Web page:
Assoc Prof Dr Zetti Zainol Rashid Senior Lecturer & Clinical Microbiologist, Department of Medical Microbiology & Immunology, Universiti Kebangsaan Malaysia Medical Centre (UKMMC)
Much has changed since the first dengue haemorrhagic fever (DHF) outbreak in Malaysia in 1962. In just over 50 years, the incidence of dengue has increased 30-fold, to become the fastest progressing vector-borne disease in the world!
A more alarming development is that dengue, once a disease that occurs in outbreaks at certain periods of the year, has become an endemic disease – a persistent threat that remains all year long.
According to Assoc Prof Dr Zetti Zainol Rashid, dengue has since then manifested into a major public health burden.
- Dengue is now an endemic disease in more than 100 countries, including Malaysia.2
- According to the Ministry of Health Malaysia, there have been 80,654 reported dengue cases from January to 29 August 2015, with 128 deaths. The number of cases increased by 22.8% from the same period last year, while the number of deaths went up by 71.1%. The threat of dengue is very real in Malaysia!
- Recent studies found that the number of people found to be seropositive (they have for dengue virus antibodies, which means that they have contracted the disease at least once in their lives) is similar in both urban and rural areas. Therefore, it does not matter where you live – you cannot be complacent!
- Gender and race do not seem to be a significant risk factor associated with seropositivity. However, seroprevalence is found to increase with age, which means that at some point during their lives most people will get infected with dengue.
Four times the trouble
Dengue is caused by a virus that can be transmitted from an infected person to another person through the bite of the Aedes aegypti mosquito. The dengue virus (DENV) exists as one of four variants or serotypes – DENV1, DENV2, DENV3 and DENV4. All four serotypes are found circulating in Malaysia.
While you can acquire lifelong immunity after being infected by a serotype, you are still vulnerable to the remaining three. Worse, subsequent infections by the other serotypes can increase the risk of developing severe dengue. Therefore, the best way to deal with dengue is to not catch it at all!
Young adults are at risk
Many Malaysians would imagine that the elderly or very young children face the highest risk of catching dengue. Dr Zetti points out that this is a common misperception.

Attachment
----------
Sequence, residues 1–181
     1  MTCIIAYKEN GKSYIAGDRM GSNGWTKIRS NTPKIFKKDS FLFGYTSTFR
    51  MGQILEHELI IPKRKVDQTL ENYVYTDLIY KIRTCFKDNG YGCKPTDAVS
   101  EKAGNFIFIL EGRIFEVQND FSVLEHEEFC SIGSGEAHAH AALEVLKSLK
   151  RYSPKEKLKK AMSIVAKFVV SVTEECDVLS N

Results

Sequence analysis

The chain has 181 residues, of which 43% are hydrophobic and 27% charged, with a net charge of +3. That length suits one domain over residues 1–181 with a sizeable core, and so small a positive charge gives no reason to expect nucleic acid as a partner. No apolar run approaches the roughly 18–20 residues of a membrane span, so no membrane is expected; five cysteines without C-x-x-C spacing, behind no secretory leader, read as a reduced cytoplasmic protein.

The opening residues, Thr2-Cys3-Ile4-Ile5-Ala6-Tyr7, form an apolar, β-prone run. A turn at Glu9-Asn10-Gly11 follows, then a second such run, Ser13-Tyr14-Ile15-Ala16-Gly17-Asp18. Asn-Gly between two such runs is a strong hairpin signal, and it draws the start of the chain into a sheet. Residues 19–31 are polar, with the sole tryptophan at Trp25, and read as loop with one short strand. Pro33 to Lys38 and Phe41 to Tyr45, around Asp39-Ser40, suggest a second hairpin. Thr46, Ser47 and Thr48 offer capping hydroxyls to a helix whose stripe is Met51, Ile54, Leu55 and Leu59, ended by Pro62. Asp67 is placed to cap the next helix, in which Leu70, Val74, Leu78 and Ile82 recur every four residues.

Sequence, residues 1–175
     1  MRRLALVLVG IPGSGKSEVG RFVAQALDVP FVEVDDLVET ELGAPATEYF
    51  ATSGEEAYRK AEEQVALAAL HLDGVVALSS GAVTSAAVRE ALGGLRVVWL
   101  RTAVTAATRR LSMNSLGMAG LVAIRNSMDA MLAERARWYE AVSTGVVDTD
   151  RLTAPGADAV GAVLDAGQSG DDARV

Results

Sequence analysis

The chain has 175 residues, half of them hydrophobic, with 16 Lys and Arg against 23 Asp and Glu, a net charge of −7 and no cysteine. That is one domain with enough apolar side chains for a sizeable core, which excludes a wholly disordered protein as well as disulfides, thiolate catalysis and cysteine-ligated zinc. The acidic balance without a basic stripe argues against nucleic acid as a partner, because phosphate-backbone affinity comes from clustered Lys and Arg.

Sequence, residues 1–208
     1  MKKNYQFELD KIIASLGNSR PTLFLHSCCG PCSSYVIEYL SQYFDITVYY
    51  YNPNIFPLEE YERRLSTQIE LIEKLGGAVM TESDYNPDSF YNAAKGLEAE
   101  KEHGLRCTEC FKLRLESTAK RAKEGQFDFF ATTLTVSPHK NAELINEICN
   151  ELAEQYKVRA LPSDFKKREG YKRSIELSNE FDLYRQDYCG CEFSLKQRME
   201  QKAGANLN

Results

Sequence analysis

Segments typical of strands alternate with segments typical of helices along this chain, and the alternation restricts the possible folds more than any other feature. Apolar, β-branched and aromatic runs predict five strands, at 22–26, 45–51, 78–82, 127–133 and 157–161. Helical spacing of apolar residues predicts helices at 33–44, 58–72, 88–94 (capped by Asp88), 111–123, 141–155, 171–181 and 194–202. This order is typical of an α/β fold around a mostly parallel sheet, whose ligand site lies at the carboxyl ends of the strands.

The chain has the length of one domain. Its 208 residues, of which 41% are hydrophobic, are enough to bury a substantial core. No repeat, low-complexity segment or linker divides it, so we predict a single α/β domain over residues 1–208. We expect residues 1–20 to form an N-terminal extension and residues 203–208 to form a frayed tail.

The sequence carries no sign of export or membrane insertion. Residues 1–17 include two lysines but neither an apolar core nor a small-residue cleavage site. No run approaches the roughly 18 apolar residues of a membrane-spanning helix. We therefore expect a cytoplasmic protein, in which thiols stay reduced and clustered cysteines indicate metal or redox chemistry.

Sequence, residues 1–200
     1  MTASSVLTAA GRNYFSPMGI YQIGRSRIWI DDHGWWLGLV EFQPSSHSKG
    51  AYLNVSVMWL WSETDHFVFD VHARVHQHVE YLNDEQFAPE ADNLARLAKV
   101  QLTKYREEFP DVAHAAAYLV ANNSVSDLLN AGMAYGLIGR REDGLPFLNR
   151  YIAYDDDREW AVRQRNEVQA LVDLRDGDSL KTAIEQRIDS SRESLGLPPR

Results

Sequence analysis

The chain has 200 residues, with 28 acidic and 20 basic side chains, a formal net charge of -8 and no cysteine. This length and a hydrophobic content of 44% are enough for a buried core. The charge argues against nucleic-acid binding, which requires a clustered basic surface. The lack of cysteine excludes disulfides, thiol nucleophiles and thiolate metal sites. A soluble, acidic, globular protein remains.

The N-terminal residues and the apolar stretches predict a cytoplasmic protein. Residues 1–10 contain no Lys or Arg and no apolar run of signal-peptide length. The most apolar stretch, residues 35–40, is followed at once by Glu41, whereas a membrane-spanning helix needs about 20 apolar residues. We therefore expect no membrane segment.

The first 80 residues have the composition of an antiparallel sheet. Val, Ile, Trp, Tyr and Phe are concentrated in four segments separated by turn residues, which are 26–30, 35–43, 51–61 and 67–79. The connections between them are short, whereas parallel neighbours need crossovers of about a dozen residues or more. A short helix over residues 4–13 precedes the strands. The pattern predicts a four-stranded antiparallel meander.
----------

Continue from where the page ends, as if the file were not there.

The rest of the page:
Quoting from a paper published in the PLOS (Mohd-Zaki, et al, PLoS Negl Trop DIs 2014. 8(11):e3159), she points out that from 2000 to 2010, there had been a shift in the age range predominance of dengue cases from children towards adults.
Studies on the presence of DENV antibodies in Malaysians showed that the number of people who have experienced at least one dengue episode slowly increased by age, with peak age incidence observed in young adults (15-29 years old).
“Furthermore, the high rates of seropositivity – the number of people who have DENV antibodies in their blood serum – suggest that dengue will remain endemic in Malaysia for a long time,” she adds.
 World Health Organization. Impact of Dengue. Retrieved on Sept 17, 2015 from http://www.who.int/csr/disease/dengue/impact/en/
 Director General of Health Malaysia. Jangan leka, walaupun kes denggi menurun! Retrieved on September 17, 2015 from http://kpkesihatan.com/2015/09/02/jangan-leka-walaupun-kes-denggi-menurun/
 Muhammad Azami, N. A., et al. (2011). Dengue epidemic in Malaysia: not a predominantly urban disease anymore. BMC Res Notes. Jun 29;4:216. doi: 10.1186/1756-0500-4-216.
 Mohd-Zaki, A. H., et al. (2014). Epidemiology of dengue disease in Malaysia (2000–2012): a systematic literature review. PLoS Negl Trop Dis. 8(11):e3159. Retrieved on Sept 17, 2015 from http://journals.plos.org/plosntds/article?id=10.1371/journal.pntd.0003159